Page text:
WASHINGTON, D.C., Nov. 7 Exposing estrogen-sensitive breast cancer cells to extracts of channel catfish caught in areas with heavy sewer and industrial waste causes the cells to multiply, according to a University of Pittsburgh study being presented at the annual meeting of the American Public Health Association in Washington, D.C. The abstract, number 159141, will be presented at a special session on Contaminants in Freshwater Fish: Toxicity, Sources and Risk Communication, at 8:30 a.m., Wednesday, Nov. 7.
The study, which tested extracts from channel catfish caught in the Allegheny and Monongahela rivers near Pittsburgh, suggests that the fish, caught in areas of dense sewer overflows, contain substances that mimic the actions of estrogen, the female hormone. Since fish are sentinels of water quality, as the canary in the coal mine is a sentinel of air pollution, and can concentrate fat soluble chemicals from their habitats within their bodies, these results suggest that pharmaceutical estrogens and xeno-estrogenic chemicals, those that mimic estrogens in the body, may be making their way into the regions waterways.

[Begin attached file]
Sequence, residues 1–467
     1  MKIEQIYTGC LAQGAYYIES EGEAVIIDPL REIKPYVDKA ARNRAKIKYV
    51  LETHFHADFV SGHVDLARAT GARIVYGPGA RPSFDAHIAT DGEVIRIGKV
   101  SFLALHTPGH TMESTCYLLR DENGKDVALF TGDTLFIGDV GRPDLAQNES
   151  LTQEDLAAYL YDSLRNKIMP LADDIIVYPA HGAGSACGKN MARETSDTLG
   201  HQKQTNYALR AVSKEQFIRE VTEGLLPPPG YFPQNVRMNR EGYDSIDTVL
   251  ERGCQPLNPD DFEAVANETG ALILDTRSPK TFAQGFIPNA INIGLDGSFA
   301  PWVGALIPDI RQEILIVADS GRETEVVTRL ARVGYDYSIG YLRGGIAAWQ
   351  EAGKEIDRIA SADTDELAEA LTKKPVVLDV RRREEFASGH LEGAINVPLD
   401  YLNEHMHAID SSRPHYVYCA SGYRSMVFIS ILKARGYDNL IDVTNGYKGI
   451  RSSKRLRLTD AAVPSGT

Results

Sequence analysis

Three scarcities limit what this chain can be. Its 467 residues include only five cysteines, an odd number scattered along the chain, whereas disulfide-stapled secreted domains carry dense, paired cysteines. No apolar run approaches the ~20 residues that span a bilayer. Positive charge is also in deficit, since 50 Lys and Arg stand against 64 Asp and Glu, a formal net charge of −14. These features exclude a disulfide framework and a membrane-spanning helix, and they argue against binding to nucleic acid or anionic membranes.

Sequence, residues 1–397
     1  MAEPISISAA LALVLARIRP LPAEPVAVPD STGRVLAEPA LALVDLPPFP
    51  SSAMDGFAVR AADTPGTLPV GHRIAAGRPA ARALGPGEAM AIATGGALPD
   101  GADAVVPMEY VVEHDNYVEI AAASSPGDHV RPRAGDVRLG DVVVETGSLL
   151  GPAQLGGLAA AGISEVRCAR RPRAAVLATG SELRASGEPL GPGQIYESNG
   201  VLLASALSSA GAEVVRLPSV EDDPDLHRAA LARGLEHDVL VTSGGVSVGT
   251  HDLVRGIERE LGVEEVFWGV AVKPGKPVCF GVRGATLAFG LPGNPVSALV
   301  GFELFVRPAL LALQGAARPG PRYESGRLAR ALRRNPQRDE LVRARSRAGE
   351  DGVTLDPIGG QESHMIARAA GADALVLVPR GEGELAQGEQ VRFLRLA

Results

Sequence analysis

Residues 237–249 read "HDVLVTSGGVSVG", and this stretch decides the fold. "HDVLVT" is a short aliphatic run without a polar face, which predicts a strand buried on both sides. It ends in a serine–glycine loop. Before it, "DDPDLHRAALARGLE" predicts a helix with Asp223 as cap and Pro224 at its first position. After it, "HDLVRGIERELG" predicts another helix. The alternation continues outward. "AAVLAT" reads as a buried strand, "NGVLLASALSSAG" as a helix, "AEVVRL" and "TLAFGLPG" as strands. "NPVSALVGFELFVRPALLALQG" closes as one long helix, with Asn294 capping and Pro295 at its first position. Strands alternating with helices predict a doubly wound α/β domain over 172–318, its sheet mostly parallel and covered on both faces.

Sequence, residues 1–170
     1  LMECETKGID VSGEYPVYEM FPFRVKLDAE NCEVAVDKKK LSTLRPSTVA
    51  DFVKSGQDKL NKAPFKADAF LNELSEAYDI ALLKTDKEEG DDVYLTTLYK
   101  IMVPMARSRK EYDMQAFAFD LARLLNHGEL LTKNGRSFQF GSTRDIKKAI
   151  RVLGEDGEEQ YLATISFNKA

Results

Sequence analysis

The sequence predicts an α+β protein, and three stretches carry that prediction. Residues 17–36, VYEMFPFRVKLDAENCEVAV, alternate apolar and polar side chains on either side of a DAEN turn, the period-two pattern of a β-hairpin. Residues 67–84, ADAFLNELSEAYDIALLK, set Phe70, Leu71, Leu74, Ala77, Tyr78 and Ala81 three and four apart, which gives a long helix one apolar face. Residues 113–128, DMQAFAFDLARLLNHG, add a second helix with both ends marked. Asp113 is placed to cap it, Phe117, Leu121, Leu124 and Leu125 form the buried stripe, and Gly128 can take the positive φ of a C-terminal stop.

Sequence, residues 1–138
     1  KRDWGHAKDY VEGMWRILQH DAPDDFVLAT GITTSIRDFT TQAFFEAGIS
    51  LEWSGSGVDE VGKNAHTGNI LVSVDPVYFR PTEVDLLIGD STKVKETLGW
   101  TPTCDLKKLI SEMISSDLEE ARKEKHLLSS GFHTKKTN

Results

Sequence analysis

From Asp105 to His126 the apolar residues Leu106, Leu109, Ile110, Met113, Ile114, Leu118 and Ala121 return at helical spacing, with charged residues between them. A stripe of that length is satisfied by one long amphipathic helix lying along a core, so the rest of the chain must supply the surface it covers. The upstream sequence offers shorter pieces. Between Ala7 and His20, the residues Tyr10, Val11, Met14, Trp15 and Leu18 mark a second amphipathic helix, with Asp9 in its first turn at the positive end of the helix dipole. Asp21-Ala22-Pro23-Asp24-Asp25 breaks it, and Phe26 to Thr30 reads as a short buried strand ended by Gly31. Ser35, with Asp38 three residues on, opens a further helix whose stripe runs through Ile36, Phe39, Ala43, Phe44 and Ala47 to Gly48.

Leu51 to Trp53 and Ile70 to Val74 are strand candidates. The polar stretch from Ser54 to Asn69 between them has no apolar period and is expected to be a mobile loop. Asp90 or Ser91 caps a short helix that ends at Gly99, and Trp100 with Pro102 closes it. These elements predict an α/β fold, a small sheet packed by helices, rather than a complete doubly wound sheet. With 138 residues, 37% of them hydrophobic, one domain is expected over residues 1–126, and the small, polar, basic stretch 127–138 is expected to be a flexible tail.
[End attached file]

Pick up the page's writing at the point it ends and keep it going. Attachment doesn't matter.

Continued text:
We believe there are vast quantities of pharmaceutical and xeno-estrogenic waste in outflows from sewage treatment plants and from sewer overflows, and that these chemicals end up concentrated and magnified in channel catfish from contaminated areas, said Conrad D. Volz, Dr.P.H., M.P.H., principal investigator, department of environmental and occupational health, University of Pittsburgh Graduate School of Public Health. Sewer overflows result from inadequate sewer infrastructure, which releases raw, untreated sewage directly into area rivers during wet weather, according to Dr. Volz. In Pittsburgh alone, 16 billion gallons of raw, untreated sewage are deposited into area rivers every year with major implications for public health.
In the study, Dr. Volz and colleagues exposed extracts of catfish to estrogen-resp
|Contact: Clare Collins|
University of Pittsburgh Schools of the Health Sciences